The market then
When Nick and I graduated from teachers’ college in the late ’80s, jobs were not easy to find. We had to send out resumes and network with other educators to start our careers in teaching. Once we started teaching, our friends stayed in their local area and settled down.
The market now
Now, when we attend university career days, Search Associates is just one of the many companies looking to entice graduates to work with them. It seems that there are not enough teachers to go around! Different states of Australia are competing for enthusiastic teachers, along with tutoring companies, relief teaching companies, and those who want to get teachers started working in the UK, US etc.
So many decisions for a teacher to make!
Firstly we think it’s healthy to move schools. We’ve known teachers in private schools who have stayed there 20 years and complain about their working conditions, as they don’t know any different.
We suggest taking advantage of any opportunity in your home country to broaden your experience and knowledge base. Working with a wide variety of different socio-economic groups and educators hones your teaching repertoire and widens your perspective. It prepares you for the big one – teaching overseas.
Not only do you have to have to be a great teacher to be able to hit the ground running in a new country with little preparation time, but you need to be able to navigate supermarkets and find your way around, in many places where English is not widely spoken. Schools employ huge HR departments dedicated to onboarding new hires and help with airport pick-ups, banking, and mobile phone plans, housing, etc when you first arrive.
Once you get to this stage of your career in teaching you may be wondering how long the average teacher stays overseas.
As part of the ‘getting to know you’ activities at our first international school in Hong Kong (through Search Associates), we were asked to order ourselves in terms of years of service at the school. There was only the tiniest group of teachers who were there over 10 years; the majority had been at the school from 2 to 5 years. We thought we would work our way around the world, but found ourselves still in the same school 10 years later!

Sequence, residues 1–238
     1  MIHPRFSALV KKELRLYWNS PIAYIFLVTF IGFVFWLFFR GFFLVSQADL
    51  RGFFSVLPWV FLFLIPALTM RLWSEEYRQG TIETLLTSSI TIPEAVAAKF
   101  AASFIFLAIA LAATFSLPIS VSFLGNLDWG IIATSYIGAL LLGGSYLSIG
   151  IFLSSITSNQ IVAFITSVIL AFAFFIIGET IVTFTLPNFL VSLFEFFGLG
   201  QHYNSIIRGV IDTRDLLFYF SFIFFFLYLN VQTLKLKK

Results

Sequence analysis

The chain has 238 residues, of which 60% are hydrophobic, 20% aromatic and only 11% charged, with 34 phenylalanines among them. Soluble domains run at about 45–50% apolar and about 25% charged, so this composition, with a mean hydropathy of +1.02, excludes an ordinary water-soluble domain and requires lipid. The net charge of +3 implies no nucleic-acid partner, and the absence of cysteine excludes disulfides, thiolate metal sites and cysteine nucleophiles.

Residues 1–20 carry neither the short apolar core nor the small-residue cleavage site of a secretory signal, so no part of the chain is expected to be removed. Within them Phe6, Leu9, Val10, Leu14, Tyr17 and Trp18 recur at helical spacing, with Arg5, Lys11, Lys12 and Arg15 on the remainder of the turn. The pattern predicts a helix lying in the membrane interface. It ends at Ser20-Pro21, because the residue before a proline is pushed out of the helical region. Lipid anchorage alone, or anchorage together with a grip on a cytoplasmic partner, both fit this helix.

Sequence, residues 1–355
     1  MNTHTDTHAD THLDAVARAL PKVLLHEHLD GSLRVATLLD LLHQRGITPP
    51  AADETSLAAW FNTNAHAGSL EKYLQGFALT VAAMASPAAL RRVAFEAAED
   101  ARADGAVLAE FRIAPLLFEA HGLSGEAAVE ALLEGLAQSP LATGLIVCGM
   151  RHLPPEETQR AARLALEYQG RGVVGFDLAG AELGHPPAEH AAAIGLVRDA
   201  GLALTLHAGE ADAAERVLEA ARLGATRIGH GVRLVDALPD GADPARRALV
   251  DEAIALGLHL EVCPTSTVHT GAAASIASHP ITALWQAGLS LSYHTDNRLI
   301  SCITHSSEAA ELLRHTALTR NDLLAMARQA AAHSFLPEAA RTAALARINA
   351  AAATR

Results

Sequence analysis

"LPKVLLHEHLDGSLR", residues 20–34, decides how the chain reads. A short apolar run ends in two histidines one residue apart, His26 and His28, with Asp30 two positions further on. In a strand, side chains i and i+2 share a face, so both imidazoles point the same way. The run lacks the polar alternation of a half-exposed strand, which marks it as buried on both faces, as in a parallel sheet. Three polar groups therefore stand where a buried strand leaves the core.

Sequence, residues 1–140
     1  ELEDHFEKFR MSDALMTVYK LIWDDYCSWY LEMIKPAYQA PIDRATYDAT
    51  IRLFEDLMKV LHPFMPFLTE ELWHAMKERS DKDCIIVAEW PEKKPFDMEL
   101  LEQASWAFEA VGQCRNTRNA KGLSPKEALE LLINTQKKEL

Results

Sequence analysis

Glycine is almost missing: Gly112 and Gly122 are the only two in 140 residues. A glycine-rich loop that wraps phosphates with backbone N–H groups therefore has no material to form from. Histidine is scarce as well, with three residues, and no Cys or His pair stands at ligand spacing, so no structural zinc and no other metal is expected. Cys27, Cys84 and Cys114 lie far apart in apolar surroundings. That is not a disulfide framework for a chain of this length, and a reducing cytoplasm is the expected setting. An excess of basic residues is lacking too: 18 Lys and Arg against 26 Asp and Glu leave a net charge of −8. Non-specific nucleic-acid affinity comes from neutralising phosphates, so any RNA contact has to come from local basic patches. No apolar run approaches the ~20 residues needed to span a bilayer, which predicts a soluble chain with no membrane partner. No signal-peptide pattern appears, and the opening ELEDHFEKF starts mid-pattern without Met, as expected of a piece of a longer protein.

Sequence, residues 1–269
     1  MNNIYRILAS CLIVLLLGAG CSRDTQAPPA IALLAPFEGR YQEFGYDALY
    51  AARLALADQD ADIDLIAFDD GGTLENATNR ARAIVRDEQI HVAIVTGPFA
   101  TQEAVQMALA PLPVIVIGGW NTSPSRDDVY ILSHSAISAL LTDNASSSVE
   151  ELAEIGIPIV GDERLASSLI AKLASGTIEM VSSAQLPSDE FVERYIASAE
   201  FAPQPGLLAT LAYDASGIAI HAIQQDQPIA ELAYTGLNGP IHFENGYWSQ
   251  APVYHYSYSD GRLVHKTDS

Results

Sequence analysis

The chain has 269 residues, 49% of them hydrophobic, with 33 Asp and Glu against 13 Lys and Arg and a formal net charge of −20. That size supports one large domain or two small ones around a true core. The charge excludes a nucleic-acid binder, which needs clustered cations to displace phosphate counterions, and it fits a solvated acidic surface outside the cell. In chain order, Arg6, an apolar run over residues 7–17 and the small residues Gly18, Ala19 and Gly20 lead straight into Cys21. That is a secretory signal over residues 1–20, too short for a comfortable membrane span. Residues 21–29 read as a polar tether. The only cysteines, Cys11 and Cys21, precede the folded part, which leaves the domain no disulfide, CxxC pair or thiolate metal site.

We returned home eventually to indoctrinate our sons into their home ‘culture’ which included football and family, (not to mention to solidify their accents) and give them a sense of ‘home’. Nothing had really changed back in Australia since we had left.
After four years at home, itchy feet took us to the opposite end of the globe for another contract, this time in Egypt. We planned the timing of this contract around the boys’ educational needs and the health of extended family members. The idea of introducing our boys, who were by now a little older, to travel and other cultures was too irresistible for us to remain in our comfort zone.
Often family and friends try to discourage people from taking the leap to work overseas. ‘Why would you leave your home country?’ ‘Is it safe?’ ‘How can you take your kids to China, Indonesia etc’ ‘Are you teaching English?’ And some people take one negative comment and ignore all the positive aspects of a new school and location. Or, people don’t like you doing something different. We were very lucky that our families supported us in these moves overseas and were able to visit us wherever we were.